Is game design a better example for explaining user experience than productivity applications and the role of designers? With games, a designer is concerned with the details, performance and responsiveness but a shiny game with no soul is worthless. Game designers care about the game mechanics, the rules, the constructed reality, carefully balancing challenge with feasibility – and some of these attributes cannot be designed without feedback from players.
I was thinking about the Redeemer weapon in Unreal Tournament (one of the last games I played before resigning myself to the fact I could no longer use a mouse) and how everything about it would have to be tweaked and dialled in to the correct settings to make it valuable yet also defeatable. The size of the missile and visibility, its velocity, maneuverability, susceptibility to damage, whether homing missiles could lock onto it, whether the controlling player would be completely vulnerable and unaware of their surroundings while operating the missile, the blast radius, respawn time etc. The Redemeer surely would have been tweaked dozens if not hundreds of times before the designers were happy with it.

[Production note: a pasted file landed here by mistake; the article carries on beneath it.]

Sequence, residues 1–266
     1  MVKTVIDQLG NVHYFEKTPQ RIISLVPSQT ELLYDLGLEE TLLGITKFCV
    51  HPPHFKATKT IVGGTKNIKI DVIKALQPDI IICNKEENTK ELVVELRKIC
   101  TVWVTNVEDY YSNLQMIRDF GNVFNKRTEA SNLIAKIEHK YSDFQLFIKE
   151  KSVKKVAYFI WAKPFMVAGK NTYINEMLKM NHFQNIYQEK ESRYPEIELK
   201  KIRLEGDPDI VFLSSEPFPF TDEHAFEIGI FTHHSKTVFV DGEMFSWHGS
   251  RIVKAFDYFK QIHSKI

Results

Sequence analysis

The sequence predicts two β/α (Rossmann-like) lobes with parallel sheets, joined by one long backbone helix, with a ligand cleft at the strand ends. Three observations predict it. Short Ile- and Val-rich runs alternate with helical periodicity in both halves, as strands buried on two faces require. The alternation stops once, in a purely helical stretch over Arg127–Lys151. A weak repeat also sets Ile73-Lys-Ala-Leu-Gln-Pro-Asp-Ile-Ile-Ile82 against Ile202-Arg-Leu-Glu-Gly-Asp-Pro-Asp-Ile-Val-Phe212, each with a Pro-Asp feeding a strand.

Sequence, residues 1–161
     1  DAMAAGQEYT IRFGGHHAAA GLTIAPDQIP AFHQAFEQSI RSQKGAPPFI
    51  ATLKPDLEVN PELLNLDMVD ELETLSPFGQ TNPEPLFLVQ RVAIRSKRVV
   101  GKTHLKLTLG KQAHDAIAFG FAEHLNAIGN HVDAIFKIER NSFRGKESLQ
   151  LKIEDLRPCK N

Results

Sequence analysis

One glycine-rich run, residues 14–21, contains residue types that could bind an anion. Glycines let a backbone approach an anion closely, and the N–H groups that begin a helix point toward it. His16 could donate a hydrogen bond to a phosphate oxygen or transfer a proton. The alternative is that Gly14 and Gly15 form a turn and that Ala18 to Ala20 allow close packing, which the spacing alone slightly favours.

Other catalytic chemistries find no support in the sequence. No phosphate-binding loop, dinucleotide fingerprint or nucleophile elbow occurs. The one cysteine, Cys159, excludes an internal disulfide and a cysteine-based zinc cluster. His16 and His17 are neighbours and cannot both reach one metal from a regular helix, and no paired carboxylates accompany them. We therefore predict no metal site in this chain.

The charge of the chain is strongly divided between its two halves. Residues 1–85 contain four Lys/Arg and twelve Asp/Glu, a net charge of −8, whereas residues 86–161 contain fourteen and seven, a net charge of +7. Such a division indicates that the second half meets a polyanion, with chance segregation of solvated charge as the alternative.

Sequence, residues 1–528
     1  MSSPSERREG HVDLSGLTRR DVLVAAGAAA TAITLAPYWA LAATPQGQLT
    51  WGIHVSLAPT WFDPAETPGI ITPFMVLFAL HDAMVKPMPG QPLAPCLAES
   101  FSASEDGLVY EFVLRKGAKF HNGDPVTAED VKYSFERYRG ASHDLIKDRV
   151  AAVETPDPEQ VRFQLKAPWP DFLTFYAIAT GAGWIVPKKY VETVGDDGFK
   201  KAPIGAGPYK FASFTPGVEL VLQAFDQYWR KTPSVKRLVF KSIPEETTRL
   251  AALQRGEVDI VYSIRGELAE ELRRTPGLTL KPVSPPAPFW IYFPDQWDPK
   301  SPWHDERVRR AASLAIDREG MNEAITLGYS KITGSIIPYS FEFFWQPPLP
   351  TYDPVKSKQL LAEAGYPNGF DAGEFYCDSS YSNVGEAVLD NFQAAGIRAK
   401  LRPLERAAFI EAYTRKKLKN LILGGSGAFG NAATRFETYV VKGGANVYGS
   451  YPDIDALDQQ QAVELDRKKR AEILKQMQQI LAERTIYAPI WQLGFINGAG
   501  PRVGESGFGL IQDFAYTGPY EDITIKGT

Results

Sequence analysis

That’s all quite detailed designed; there are levels above and below that; what is the point of this game? Why might it be attractive to players? Will they stick with it for months or years? Will they lose interest and why? Will it become too hard over time for new players to break into the game against players with hundreds of hours of experience?
Some game designers might prefer to work down in the weeds designing the graphics and physics, others might be more interested in the strategy side that’s almost more marketing than programming. They’re all designers.
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